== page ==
(Pirates of the Caribbean: Isles of War) Combat Balancing – Light vs. Heavy

As part of the strategic depth to Pirates of the Caribbean: Isles of War, one aspect we pushed for was a soft Rock-Paper-Scissors (RPS) relationship between hull class types of the same tier strength. As part of that relationship, the primary classes were Light, Standard, and Heavy. The Light hull class was the typical fast, low-health, low-damage style of play, which could really utilize its speed to either kite or zero in on targets. On the other hand, we had the Heavy hull class, which had large amounts of armor, health, and firepower, but was incredibly slow and hard to maneuver quickly. The Standard class was the jack-of-all-trades style of hull, which had average stats across the board, but did not particularly excel in any one category. In our ideal RPS model, our goal was to make a relationship cycle that supported the following:


The initial assumption I made when attempting to create this relationship was that speed had the highest impact potential in a given combat scenario, as faster speed allowed for both maintaining a steady rate of damage, as well as surviving longer by dodging enemy fire range. Since Light class hulls were intended to be one of the fastest class of hull in the game, I accounted for a high speed stat by lowering the class’s general survivability and maximum firepower. In theory, this made sense, and initial playtesting demonstrated this to be a fair assumption. However, once the game went live, players were ultimately drawn to only the Heavy class hulls, and concluded that both Light and Standard class hulls were ineffective. I realized that this dominate strategy would turn into a long term problem, as it would become increasingly difficult to create desirable new content or prizes, and also reduced the overall strategic depth of the game.

At first I thought perhaps players were seeing the lower health numbers of the Light hull and had not come to terms with how to fully leverage the strength of speed. However, as I began testing with the same cannon load out and Heavy class hulls that players were using against Light ships, I began to realize that there were some additional factors that I had failed to take into account.

In Pirates of the Caribbean: Isles of War, firing range was not your traditional 360 degree coverage, but instead, a cone on either side of the hull, adding unique gameplay, as well as more accurately reflecting how ships battled during the 18th Century. While this was a core pillar to our combat system, it resulted in additional balancing challenges, including time on target. Even with the fastest firing cannons in the game, I found it to be incredibly difficult, with fast moving hulls, to get more than two shots fired per pass at an enemy without taking substantial damage. In other words, the drawback to having speed, as a direct result of our firing range system, was that it was actually more difficult to deal sufficient damage without being overly risky.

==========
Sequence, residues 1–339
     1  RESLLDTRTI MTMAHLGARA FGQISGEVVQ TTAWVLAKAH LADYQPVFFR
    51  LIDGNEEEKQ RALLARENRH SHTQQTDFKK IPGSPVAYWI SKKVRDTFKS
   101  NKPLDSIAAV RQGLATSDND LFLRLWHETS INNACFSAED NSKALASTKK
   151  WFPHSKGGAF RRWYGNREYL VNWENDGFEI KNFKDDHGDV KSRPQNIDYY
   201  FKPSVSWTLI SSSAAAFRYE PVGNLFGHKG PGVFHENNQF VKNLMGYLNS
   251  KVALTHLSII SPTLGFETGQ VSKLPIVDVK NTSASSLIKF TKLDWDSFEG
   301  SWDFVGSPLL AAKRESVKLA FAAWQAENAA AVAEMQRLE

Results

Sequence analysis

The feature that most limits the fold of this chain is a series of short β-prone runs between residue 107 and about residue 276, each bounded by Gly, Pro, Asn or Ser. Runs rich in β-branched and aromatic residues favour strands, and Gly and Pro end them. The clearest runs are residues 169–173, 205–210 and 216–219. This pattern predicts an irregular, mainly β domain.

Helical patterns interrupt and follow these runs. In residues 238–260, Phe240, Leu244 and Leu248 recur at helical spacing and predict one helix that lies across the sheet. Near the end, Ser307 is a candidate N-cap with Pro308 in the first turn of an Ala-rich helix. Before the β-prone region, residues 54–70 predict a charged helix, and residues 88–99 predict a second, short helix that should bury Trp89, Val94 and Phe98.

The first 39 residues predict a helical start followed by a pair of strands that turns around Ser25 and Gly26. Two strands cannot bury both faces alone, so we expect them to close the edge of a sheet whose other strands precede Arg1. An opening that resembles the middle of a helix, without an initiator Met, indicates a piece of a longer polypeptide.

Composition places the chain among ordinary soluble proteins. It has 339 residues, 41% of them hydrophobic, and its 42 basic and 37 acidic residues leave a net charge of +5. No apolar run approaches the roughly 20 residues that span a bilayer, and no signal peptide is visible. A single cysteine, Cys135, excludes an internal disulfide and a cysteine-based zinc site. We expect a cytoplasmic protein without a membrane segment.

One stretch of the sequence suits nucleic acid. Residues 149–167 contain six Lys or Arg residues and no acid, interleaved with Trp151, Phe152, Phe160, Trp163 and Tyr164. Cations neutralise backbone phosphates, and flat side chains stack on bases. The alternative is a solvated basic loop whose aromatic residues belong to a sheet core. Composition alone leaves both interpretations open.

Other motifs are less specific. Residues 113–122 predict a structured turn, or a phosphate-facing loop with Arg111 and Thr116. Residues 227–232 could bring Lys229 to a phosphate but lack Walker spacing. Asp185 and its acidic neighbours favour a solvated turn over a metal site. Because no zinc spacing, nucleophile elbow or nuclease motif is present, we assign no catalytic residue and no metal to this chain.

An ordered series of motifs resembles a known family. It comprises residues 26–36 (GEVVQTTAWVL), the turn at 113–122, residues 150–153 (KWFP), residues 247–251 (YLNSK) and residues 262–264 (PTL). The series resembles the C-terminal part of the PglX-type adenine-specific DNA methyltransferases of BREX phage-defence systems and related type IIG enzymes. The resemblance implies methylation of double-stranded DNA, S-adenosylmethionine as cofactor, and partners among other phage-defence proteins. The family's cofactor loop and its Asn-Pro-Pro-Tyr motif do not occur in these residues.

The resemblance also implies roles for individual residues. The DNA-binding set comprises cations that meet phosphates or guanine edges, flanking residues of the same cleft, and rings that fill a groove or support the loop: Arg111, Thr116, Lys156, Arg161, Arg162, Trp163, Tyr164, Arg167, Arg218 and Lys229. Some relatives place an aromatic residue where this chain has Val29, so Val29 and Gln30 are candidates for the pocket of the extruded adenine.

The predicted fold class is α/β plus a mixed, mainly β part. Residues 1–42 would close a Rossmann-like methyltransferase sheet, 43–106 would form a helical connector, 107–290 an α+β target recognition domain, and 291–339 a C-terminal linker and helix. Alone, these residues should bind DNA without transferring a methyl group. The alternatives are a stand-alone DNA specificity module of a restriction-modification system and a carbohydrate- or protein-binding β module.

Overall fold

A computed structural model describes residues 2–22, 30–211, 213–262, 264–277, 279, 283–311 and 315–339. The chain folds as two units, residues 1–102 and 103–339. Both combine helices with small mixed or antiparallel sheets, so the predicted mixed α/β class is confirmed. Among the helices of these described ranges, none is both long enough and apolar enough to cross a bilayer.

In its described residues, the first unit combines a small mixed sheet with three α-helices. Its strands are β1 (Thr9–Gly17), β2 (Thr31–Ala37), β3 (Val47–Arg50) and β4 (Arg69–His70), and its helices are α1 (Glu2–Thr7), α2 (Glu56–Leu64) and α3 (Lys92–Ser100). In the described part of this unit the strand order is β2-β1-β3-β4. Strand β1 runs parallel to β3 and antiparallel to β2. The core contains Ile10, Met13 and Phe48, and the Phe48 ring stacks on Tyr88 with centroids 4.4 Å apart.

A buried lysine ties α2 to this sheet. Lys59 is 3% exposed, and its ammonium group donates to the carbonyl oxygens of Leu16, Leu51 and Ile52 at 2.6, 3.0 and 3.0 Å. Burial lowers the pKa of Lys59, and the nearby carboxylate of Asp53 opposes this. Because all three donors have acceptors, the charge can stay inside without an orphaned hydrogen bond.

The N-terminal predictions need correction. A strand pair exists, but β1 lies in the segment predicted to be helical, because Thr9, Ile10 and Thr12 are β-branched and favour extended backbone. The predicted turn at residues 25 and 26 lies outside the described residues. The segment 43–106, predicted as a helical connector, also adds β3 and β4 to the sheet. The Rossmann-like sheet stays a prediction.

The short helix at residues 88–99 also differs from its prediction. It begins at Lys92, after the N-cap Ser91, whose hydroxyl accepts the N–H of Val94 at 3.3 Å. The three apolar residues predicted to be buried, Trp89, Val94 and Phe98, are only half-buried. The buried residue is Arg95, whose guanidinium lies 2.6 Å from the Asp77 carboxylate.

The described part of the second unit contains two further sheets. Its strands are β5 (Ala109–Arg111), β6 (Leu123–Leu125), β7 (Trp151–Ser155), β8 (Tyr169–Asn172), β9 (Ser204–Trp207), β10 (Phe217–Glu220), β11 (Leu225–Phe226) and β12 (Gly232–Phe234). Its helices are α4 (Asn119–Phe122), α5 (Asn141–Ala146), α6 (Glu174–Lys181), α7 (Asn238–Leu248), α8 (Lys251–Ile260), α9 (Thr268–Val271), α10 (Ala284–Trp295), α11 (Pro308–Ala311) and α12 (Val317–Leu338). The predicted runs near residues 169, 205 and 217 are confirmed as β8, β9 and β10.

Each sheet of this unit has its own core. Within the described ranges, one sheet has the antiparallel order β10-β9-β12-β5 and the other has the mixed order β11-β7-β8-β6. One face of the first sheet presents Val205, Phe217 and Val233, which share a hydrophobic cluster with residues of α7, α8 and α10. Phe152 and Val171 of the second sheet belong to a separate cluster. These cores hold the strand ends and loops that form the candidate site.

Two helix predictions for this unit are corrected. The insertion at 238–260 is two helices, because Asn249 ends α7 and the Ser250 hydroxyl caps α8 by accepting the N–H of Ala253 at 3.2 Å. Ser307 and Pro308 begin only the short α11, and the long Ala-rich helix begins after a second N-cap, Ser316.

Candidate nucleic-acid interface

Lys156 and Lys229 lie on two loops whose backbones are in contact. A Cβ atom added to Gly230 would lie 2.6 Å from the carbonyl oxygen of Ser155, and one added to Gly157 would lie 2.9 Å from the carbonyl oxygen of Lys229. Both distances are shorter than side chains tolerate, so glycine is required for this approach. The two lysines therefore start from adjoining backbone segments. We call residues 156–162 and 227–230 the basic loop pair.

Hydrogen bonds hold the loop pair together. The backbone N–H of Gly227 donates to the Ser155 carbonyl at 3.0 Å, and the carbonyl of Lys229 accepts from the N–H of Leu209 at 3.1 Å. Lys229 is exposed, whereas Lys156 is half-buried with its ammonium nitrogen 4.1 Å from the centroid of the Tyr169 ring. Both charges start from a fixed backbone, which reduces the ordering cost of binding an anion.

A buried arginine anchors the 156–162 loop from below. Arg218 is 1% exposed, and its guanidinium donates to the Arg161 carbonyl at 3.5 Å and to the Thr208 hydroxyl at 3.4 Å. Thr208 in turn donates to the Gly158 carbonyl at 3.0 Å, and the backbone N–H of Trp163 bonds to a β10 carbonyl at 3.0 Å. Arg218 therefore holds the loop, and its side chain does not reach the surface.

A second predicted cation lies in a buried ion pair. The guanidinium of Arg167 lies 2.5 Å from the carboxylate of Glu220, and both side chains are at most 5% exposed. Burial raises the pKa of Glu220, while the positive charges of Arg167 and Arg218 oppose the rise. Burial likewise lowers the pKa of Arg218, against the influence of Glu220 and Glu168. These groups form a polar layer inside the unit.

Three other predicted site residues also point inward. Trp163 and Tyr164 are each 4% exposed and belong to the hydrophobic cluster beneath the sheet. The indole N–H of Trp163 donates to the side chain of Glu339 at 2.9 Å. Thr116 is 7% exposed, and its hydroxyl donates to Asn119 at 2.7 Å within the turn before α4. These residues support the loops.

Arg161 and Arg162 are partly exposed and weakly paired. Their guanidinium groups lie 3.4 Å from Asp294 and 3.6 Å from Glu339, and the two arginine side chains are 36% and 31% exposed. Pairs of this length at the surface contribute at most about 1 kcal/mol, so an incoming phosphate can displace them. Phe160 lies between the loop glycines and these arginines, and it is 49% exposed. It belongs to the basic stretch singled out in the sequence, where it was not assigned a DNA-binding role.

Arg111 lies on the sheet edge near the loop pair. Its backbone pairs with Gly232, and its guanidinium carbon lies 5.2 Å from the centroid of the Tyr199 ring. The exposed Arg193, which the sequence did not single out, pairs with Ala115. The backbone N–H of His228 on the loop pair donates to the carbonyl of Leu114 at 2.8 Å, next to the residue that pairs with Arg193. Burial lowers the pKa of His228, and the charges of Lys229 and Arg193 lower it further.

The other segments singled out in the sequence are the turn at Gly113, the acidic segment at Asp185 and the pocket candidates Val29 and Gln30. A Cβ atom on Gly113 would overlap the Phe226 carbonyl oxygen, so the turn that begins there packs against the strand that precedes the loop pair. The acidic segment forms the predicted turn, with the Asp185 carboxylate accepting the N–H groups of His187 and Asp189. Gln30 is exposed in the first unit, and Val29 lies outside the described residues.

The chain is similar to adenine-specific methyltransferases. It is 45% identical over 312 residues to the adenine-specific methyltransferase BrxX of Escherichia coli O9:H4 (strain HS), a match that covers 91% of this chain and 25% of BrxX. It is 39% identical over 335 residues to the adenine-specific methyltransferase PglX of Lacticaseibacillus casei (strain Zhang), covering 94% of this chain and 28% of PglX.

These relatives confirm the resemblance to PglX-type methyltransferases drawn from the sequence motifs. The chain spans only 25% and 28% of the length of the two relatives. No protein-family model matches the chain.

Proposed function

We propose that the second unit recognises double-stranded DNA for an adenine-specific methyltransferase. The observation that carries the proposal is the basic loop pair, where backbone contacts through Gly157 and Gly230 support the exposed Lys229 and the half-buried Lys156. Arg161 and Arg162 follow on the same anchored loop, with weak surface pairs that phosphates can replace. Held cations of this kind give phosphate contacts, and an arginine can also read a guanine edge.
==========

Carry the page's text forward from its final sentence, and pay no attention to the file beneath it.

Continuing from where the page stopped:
After taking time to consider all viable options, and discussing the issue with my team, I came to the conclusion that a new stat needed to be added to the game: Evasion. Evasion would reduce the accuracy of oncoming attacks by X%. By adding in evasion, it would not only add a new way to survive outside of health and armor, but also thematically created the survivability aspect of having speed and agility. In addition to evasion, I gave both Light and Standard more maximum potential firepower, specifically by allowing each of them to hold an additional cannon. This way, faster moving ships could have more shots per pass, and ultimately deal more damage during the course of the battle.


After adding evasion into the live game, I began to see a change in player perception towards non-Heavy hull classes. Players quickly became aware of the strength that evasion provided, especially as they began to have more difficulty winning with their Heavy ships against NPC Light ships. As a result, players debated over what the next best hull class was, and started to use not only Light and Standard classes, but all other secondary classes in the game as well. There was an increase in diversity of fleets, as they became less homogenous, and players began building fleets that were specialized for different aspects of the game. Additionally, new hulls that were introduced into the game, or prizes awarded from events, became highly desirable by all players, and ultimately created far more strategic depth and a richer experience for Pirates of the Caribbean: Isles of War.


~ by rhickman-design on August 1, 2014.